The opinion of the court was delivered by: Perry, District Judge.
First, as to the question of whether or not the "Disputes"
clause*fn1 was intended by the parties to be the exclusive
remedy for redress of employee grievances, this Court holds
that it was so intended. As the Supreme Court has often noted,
any doubts should be resolved in favor of channeling grievances
through the grievance-arbitration procedure. See, e.g., United
Steelworkers of America v. Warrior & Gulf Navigation Co.,
363 U.S. 574, 581, 80 S.Ct. 1347, 4 L.Ed.2d 1409 (1960); Drake
Bakeries v. Local 50, American Bakery and Confectionery Workers
International, 370 U.S. 254, 82 S.Ct. 1346, 8 L.Ed.2d 474
(1962). In order for a grievance procedure not to be exclusive,
there must be an express agreement between the parties to that
effect, such that it can be said with positive assurance that
the grievance procedure was not meant to be exclusive. Republic
Steel Corp. v. Maddox, 379 U.S. 650, 657-658, 85 S.Ct. 614, 13
L.Ed.2d 580 (1965); Belk v. Allied Aviation Service Co.,
315 F.2d 513 (2d Cir.) cert. denied, 375 U.S. 847, 84 S.Ct. 102, 11
L.Ed.2d 74 (1963). This "Disputes" clause contains no express
exclusions and so this Court cannot say with the required
"positive assurance" that it was not meant to be exclusive. On
the contrary, not only have the parties agreed on a no-strike
clause, which manifests their intent to settle grievances
through the "Disputes" clause, Local 174 Teamsters, etc. v.
Lucas Flour Co., 369 U.S. 95, 82 S.Ct. 571, 7 L.Ed.2d 593
(1962), but Belk v. Allied Aviation Service Co., supra, a case
approvingly cited by the Supreme Court, is directly on point
and supports this result. Finally, this Court does not find
persuasive a ruling by an NLRB Trial Examiner seemingly to the
contrary, because not only was this issue not squarely dealt
with by this Trial Examiner, but in any event, the construction
of a contract is not within the special expertise of the Board
and such interpretations are not binding on this Court.
Celanese Corp. v. NLRB, 291 F.2d 224, 226 (7th Cir.) cert.
denied, 368 U.S. 925, 82 S.Ct. 360, 7 L.Ed.2d 189 (1961); NLRB
v. J. W. Mortell Co., 440 F.2d 455 (7th Cir. 1971); NLRB v.
Hobart Brothers Co., 372 F.2d 203, 206 (6th Cir. 1967).
Second, this suit is clearly barred by Plaintiffs' failure to
timely and properly file grievances with the Union in
accordance with the Union's By-Laws. Since it is clear that an
employee under a grievance-arbitration procedure, such as the
one here, must "look to his union initially for the vindication
of his rights," Belk v. Allied
Aviation Service Co., 315 F.2d at 516, these employees were
required to do so in accord with the Union's By-Laws. See,
e.g., Steen v. Local Union No. 163, UAW, 373 F.2d 519 (6th Cir.
1967); Broniman v. Great Atlantic & Pacific Tea Co.,
353 F.2d 559 (6th Cir. 1965), cert. denied, 384 U.S. 907, 86 S.Ct. 1343,
16 L.Ed.2d 360 (1966). A Union's By-Laws, after all, are a
contract between the Union and its members, International
Ass'n. of Machinists v. Gonzales, 356 U.S. 617, 618, 78 S.Ct.
923, 2 L.Ed.2d 1018 (1958), and as the Supreme Court has noted,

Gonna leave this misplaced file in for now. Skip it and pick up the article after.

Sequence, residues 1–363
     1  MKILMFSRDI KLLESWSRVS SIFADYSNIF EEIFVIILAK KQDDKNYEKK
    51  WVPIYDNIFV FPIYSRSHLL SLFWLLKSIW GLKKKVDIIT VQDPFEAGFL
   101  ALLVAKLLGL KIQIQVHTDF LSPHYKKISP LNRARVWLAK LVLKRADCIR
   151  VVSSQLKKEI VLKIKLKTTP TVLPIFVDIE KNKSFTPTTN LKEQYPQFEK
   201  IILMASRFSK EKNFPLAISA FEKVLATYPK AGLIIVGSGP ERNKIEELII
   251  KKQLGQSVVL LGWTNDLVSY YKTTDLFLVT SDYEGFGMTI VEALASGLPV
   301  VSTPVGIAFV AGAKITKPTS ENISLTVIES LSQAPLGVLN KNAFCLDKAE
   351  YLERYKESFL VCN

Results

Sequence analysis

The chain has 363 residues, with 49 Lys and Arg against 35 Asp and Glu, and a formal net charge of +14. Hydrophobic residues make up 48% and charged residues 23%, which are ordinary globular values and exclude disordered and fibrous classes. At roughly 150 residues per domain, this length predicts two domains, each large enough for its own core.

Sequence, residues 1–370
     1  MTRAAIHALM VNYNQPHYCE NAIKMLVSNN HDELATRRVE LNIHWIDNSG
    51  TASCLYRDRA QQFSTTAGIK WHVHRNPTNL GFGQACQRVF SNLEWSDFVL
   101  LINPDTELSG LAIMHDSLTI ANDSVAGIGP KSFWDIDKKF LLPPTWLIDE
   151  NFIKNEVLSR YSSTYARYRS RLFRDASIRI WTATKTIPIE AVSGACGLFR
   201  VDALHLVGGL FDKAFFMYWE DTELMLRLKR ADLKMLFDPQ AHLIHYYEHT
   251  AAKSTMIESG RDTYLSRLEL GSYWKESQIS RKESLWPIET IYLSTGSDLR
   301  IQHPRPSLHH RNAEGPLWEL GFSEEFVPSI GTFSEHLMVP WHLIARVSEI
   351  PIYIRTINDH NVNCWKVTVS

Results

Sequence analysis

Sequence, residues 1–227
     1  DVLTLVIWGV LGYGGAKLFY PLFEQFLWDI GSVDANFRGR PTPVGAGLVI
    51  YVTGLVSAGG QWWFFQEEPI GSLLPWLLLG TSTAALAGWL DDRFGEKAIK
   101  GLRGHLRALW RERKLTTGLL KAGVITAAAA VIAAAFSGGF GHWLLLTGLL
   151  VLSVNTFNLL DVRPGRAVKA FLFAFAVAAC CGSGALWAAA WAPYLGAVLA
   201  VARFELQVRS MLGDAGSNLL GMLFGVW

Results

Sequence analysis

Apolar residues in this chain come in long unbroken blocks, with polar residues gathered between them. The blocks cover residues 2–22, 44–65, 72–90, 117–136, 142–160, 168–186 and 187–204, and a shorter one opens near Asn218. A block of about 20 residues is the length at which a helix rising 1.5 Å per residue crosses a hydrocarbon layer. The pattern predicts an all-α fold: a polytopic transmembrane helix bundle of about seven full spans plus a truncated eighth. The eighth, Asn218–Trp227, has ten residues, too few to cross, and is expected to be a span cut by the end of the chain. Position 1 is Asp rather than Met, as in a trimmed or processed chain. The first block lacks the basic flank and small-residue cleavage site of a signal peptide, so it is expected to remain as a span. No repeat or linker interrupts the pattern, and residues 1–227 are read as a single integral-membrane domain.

"The courts' role is but to enforce the contract." NLRB v.
Allis-Chalmers Manuf. Co., 388 U.S. 175, 182, 87 S.Ct. 2001,
2008, 18 L.Ed.2d 1123 (1967). Moreover, since under the Union
By-Laws nothing prevented these Plaintiffs from properly filing
a timely written grievance,*fn2 their claim of futility of
resort to the grievance procedure is baseless. Vaca v. Sipes,
386 U.S. 171, 87 S.Ct. 903, 17 L.Ed.2d 842 (1967); Slagley v.
Illinois Central Railroad Co., 397 F.2d 546, 551-552 (7th Cir.
1968). Similarly inadequate here is Plaintiffs' failure to
allege exhaustion of intra-Union remedies. See, e.g., Bsharah
v. Eltra Corp., 394 F.2d 502, 503 (6th Cir. 1968).
Third, Plaintiffs' allegations of breach of the Union's duty
of fair representation are similarly without foundation.
Initially, it should be noted that a Union does not breach its
duty of fair representation by failing to process untimely and
improperly filed grievances. Steen v. Local Union No. 126, UAW,
supra. Thus, Plaintiffs' allegations of breach of the Union's
duty of fair representation are, on their face, unsupportable.
Irrespective of this, Plaintiffs' conclusory allegations fall
far wide of the mark of a sufficient claim of breach of the
Union's duty of fair representation. While this Court
appreciates the liberal construction to be applied to such
pleadings, Waters v. Wisconsin Steel Works, 427 F.2d 476 (7th
Cir.), cert. denied, International Harvester Co. v. Waters,
400 U.S. 911, 91 S.Ct. 137, 27 L.Ed.2d 151 (1970), these
pleadings, based entirely on conclusory allegations, are
plainly insufficient. Slagley v. Illinois Central Railroad Co.,
supra; Smith v. CPC International, 72 LRRM 2846, 2847 (N.D.Ill.
1969); Ferrara v. Pacific Intermountain Express Co.,
301 F. Supp. 1240, 1244 (N.D.Ill. 1969). Plaintiffs' allegations of
an Employer-Union conspiracy are similarly conclusory and
insufficient. Lusk v. Eastern Products Corp., 427 F.2d 705 (4th
Cir. 1970); Brown v. Truck Drivers & Helpers Union No. 355,
292 F. Supp. 125, 129 (D. Md. 1968), affirmed, 416 F.2d 1333 (4th
Fourth, Plaintiffs' allegations that the "Disputes" clause
requires that every grievance be processed by the Union is
belied not only by the Union's By-Laws, clearly vesting the
Union with power to screen grievances, but also by the Supreme
Court's holding in Vaca v. Sipes, supra, clearly holding that
the Union has both the power and responsibility to screen
grievances. See also, Bazarte v. United Transportation Union,
429 F.2d 868 (3d Cir. 1970). As for Plaintiffs' claim that they
presented their grievances to Defendant, this is entirely
irrelevant to the issue of the adequacy of Plaintiffs' Amended
Complaint. Black-Clawson Co., Inc. v. IAM, 313 F.2d 179 (2d